The Best American Short Stories 1994
One of the reasons I enjoy reading short fiction so much is because of the way authors make the reader jump right into a story and then a little bit later, jump back out. “Hammam” is a good example of this technique and I’m left wondering what will become of the three characters Carol Anshaw has sketched for me.
Carmen has been dating Rob for a few months and now she’s on a trip to Paris with him. Rob, a troubleshooter for a chain of hair salons, is on the trip to check on the Paris franchises. Accompanying them is Heather, Rob’s passive-aggressive and closed-up teenage daughter, who is taking time off from school because of an “ailment” that Carmen suspects is an eating disorder.
Before Rob leaves for a meeting, he asks Carmen to spend the afternoon with Heather. “Don’t make it look as though we’ve talked, as though you’re chaperoning. Just…if you could pretend to be interested. Whatever it is.” Carmen groans to herself, knowing they won’t be going to the Eiffel Tower or the Louvre, that Heather will be choosing something different and edgy from her Hip Pocket Guide to Paris.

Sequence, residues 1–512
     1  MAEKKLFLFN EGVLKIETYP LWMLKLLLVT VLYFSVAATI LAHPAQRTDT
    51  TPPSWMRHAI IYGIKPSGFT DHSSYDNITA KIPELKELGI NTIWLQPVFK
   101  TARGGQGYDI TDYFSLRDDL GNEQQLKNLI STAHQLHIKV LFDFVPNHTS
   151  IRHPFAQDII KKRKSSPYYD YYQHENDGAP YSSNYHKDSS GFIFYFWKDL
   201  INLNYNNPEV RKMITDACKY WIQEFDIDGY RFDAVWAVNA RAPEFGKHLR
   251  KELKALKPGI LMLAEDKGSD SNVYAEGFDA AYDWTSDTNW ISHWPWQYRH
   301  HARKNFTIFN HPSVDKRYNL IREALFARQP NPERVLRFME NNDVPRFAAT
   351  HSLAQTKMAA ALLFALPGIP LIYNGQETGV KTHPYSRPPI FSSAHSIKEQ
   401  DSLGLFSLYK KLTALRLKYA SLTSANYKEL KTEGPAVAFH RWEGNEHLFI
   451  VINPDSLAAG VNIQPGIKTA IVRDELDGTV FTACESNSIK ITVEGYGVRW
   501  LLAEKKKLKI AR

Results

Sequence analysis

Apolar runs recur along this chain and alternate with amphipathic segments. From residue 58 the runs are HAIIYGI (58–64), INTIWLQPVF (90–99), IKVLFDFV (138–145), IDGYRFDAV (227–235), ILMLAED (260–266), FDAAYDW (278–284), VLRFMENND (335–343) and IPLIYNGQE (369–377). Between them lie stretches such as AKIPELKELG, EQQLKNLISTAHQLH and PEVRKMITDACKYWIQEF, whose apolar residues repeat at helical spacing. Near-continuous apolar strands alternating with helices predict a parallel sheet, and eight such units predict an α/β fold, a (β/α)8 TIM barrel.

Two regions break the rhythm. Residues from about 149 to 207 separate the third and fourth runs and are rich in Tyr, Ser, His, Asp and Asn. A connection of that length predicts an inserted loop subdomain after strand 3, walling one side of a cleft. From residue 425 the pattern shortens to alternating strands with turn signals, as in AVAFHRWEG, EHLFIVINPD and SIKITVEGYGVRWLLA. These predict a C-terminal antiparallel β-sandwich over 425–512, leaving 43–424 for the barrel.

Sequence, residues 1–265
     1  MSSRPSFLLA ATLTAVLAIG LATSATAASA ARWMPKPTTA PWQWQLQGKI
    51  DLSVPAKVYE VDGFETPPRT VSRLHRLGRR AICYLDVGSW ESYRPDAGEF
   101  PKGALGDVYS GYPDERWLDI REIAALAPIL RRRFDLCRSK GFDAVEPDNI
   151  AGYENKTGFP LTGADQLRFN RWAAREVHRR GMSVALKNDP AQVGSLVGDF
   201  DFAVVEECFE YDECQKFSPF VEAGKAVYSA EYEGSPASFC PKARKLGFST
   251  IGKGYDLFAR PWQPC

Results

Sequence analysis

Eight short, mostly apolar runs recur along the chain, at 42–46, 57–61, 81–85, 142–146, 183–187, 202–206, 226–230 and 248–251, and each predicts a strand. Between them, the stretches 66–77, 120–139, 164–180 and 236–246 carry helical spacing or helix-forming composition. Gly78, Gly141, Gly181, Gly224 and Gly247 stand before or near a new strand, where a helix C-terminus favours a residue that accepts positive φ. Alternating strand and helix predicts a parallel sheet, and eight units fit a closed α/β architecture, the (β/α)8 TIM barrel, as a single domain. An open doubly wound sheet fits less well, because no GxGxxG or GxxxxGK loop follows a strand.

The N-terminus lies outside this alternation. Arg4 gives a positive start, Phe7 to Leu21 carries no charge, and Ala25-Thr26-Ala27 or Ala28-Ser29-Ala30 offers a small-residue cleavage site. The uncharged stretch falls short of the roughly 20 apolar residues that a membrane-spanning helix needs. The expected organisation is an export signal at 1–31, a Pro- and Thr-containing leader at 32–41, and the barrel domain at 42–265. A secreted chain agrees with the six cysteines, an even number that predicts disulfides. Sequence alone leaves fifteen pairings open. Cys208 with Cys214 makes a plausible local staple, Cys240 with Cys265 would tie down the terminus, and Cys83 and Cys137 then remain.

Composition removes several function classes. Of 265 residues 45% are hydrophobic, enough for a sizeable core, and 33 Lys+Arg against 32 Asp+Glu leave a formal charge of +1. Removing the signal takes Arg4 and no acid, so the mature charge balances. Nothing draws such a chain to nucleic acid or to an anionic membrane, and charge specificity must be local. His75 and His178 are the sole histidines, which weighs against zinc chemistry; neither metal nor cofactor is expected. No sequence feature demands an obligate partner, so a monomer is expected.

Heather picks a hammam, a Turkish steam bath, “probably the worst idea…out of all the terrible ideas in her guidebook” and Carmen, who is painfully modest, wonders how she will manage with just a small towel in a bath full of strangers.
Something different happens, however. Carmen’s apprehension fades when she sees Heather’s shockingly bony frame which has been hidden under a defensive arrangement of black leather and jeans. As they move through the sauna rooms, Carmen watches Heather disappear in the steam and for a few moments they are lost from the world in the depths of the hammam. A strange connection between them results, something Carmen views as a beginning.
It’s a loose bond that seems forgotten at dinner, however, where Heather’s food issues are most obvious. An awkward conflict results and Rob must take sides. Despite Rob’s efforts to keep the three of them together, the dinner and the story end with a big question mark.
Anshaw provides just enough character details to leave them on the edge of a situation and now it’s up to the reader to finish the story. I like that!
Thanks for visiting – come back soon!